Also, while 3D is really not a big draw for me with movies – and I learned tonight that 3D at 48-frames-per-second didn’t really change my mind on that – it was definitely interesting to see. It worked well on inside shots (the supper at Bag End was amazing), while I found it a little lacking in the scenic shots.
Truthfully, the 48-frames-per-second rendition reminded me of the “True Motion” feature on the 120 and 240 Hz TVs that we all toyed with at first, then set back to normal and forgot about. That doesn’t mean I’m against it, it just means I need more time to decide.
Overall, I give it an 8 (out of 10)
Well-worth seeing on the big screen, and worth seeing at 48-frames-per-second, if for no other reason than to judge for yourself whether or not you like the new “look & feel” Peter Jackson thinks is the future in movie-making.
The extra characters and scenes do a decent job of aligning “The Hobbit” so that it does an interesting job of introducing the plot that leads into the LOTR trilogy.
Of course, that also explains how they are planning to get 3 feature-length movies out of a single children’s story! 🙂
If you are one of those people who – like me – prefers sorting your Facebook news feed in Facebook in chronological order (aka “Most Recent“) instead of what Facebook considers “Top Stories“, I found this little tidbit at PCWorld to help make “Most Recent” that your default.
Simply use this url (uri…) to launch Facebook:
That will make it default to “Most Recent“.
You are welcome. 🙂
A friend of mine posted this article from theatlantic.com (@TheAtlantic) on Facebook:
How to Trick Your Taste Buds Into Enjoying More Healthy Foods
It makes great arguments about how we have evolved to eat certain types of foods (crunchy, sweet, and salty) based on survival instincts, and how we must use those instincts to replace processed foods with healthier choices.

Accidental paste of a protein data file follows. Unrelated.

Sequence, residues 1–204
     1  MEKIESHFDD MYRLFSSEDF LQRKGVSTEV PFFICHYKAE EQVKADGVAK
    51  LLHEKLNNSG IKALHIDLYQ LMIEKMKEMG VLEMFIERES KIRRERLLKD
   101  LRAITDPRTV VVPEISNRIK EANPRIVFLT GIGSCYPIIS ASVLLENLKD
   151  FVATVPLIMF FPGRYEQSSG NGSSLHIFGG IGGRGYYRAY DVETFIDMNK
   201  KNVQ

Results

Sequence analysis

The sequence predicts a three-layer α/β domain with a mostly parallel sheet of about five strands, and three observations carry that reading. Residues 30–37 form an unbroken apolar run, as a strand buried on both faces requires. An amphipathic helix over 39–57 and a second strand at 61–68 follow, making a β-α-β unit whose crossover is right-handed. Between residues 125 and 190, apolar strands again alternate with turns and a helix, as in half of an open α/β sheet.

While I agree with this article, particularly with regards to the “crunch” (chips are my Achilles heel…), it omits another – and potentially the biggest – “crunch” to which processed/junk foods appeal – the “time crunch“.
The processed food machines have also spent billions selling their “quick fix” meals to a society that, whether real or perceived, is also addicted to a time crunch. They have convinced us that time spent preparing meals is wasted, rather than time that can be enjoyed. As a result, many people would rather plunk their fat a$$ down in front of the TV with a pre-processed dinner cooking in the oven or microwave rather than take a little extra time to prepare a healthy meal. That needs to be addressed as well.
Received from a friend via email
Helga is the proprietor of a bar.
She realizes that virtually all of her customers are unemployed alcoholics and, as such, can no longer afford to patronize her bar.
To solve this problem, she comes up with a new marketing plan that allows her customers to drink now, but pay later.
Helga keeps track of the drinks consumed on a ledger (thereby granting the customers’ loans).
Word gets around about Helga’s “drink now, pay later” marketing strategy and, as a result, increasing numbers of customers flood into Helga’s bar.
Soon she has the largest sales volume for any bar in town.
By providing her customers freedom from immediate payment demands, Helga gets no resistance when, at regular intervals, she substantially increases her prices for wine and beer, the most consumed beverages.
Consequently, Helga’s gross sales volume increases massively. A young and dynamic vice-president at the local bank recognizes that these customer debts constitute valuable future assets and increases Helga’s borrowing limit.
He sees no reason for any undue concern, since he has the debts of the unemployed alcoholics as collateral!!!
At the bank’s corporate headquarters, expert traders figure a way to make huge commissions, and transform these customer loans into DRINK BONDS.
These “securities” then are bundled and traded on international securities markets.
Naive investors don’t really understand that the securities being sold to them as “AA” “Secured Bonds” really are debts of unemployed alcoholics.
Nevertheless, the bond prices continuously climb!!!, and the securities soon become the hottest-selling items for some of the nation’s leading brokerage houses.
One day, even though the bond prices still are climbing, a risk manager at the original local bank decides that the time has come to demand payment on the debts incurred by the drinkers at Helga’s bar. He so informs Helga.
Helga then demands payment from her alcoholic patrons, but being unemployed alcoholics they cannot pay back their drinking debts.
Since Helga cannot fulfill her loan obligations she is forced into bankruptcy. The bar closes and Helga’s 11 employees lose their jobs.
Overnight, DRINK BOND prices drop by 90%. The collapsed bond asset value destroys the bank’s liquidity and prevents it from issuing new loans, thus freezing credit and economic activity in the community.
The suppliers of Helga’s bar had granted her generous payment extensions and had invested their firms’ pension funds in the BOND securities.